A look at issues discussed by Whitehorse city council at its June 20 meeting.
Landslide spending at $1.2 million so far
Dealing with the escarpment landslides that have hit the city since April has cost a total of $1.2 million so far.
In the City of Whitehorse semi-annual procurement update provided to Whitehorse city council June 20, a spending total of $770,000 was noted, with Valerie Braga, the city’s director of corporate services, noting an update earlier in the day after the procurement report drafted showed spending at $1.2 million with more expected.
The contracts to address the landslides have been given to Tetra Tech Canada, Cobalt Construction Inc. and Associated Engineering. The work will include engineering consulting, berm construction on Robert Service Way, geotechnical engineering services for continued monitoring of the escarpment and emergency municipal design for a sewer bypass in the Takhini area in case the sewer line is impacted by further sloughing.
A number of escarpment slides have been noted since April 30, when a large slide sent debris down the escarpment, across Robert Service Way and into the Yukon River. The road was closed until the evening of June 16, with a sheet piling wall and berm put in place to prevent further slides from reaching the road. Slides in other parts of the escarpment downtown have also closed off access to much of the base of the clay cliffs while the city continues to monitor the situation.
The procurement report also shows the city spent more than $17 million on open competition contracts, and $901,441 on single or sole source contracts valued at over $50,000 between January and June.
Adding cash for economic development
The City of Whitehorse could be footing the bill for a new economic development strategy after the Yukon government turned down the city’s request for project funding.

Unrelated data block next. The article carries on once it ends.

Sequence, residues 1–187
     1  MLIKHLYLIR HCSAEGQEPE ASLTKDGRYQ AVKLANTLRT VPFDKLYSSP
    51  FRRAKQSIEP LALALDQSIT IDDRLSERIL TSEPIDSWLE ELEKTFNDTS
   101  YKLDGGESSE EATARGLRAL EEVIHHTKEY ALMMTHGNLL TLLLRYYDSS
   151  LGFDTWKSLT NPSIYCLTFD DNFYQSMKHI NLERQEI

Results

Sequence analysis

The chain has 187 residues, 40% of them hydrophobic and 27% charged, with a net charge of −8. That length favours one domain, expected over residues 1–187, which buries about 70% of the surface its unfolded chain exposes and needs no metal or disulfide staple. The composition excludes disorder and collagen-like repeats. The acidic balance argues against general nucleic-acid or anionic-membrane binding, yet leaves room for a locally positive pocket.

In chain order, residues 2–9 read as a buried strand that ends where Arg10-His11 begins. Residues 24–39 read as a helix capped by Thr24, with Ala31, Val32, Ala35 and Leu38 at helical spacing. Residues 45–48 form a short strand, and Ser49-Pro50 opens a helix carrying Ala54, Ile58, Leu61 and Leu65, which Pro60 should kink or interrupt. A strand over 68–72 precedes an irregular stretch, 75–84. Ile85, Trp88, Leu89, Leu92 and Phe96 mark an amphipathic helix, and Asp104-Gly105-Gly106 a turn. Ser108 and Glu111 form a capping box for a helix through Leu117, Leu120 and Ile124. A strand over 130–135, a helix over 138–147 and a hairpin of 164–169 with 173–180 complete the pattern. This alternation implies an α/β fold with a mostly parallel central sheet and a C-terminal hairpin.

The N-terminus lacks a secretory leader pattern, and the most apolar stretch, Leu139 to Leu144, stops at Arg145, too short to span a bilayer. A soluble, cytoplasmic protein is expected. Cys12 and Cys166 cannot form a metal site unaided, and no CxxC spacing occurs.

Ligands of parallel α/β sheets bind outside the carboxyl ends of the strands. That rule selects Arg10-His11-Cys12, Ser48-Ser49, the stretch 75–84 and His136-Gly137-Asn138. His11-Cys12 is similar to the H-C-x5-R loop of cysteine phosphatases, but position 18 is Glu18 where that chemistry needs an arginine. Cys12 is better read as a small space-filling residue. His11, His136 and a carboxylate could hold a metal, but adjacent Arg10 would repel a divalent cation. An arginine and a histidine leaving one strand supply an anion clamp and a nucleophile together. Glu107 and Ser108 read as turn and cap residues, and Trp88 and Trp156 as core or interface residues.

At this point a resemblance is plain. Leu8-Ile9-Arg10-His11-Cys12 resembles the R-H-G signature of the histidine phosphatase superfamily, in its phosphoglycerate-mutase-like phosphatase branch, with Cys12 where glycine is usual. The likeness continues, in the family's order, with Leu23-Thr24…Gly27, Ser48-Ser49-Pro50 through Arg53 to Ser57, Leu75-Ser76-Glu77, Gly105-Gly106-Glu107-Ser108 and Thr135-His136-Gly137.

Luke Pantin, the city’s economic development coordinator, brought forward a recommendation at Whitehorse city council’s June 20 meeting that the $75,000 for the project come out of city reserves instead.
As Pantin explained, the city had applied to the Yukon government’s economic development fund for the $75,000 to hire a consultant, but the application was turned down.
“The EDS will provide a framework for community-based decisions aimed at enhancing the city’s economic base and building a healthy, stable community,” Pantin said. “Development of the strategy will be guided by council’s strategic priorities (2022-2024) and other relevant city strategies and plans, including the [Official Community Plan] and the 2015-2050 Sustainability Plan. It will also include input gathered through stakeholder engagement and from primary and secondary research sources.”
Preliminary work has already been done by city staff, including an analysis of the city’s previous economic development strategy and action plan as well as working on a readiness review.
Staff have already undertaken preliminary work, completing an in-depth analysis of the previous strategy and action plan, and conducting a local economic development readiness review.
“Once the new strategy and action plan is adopted by council as a guiding document, implementation and monitoring of the action plan will follow,” Pantin said. “It is understood that some actions may require additional resources before they can be implemented.”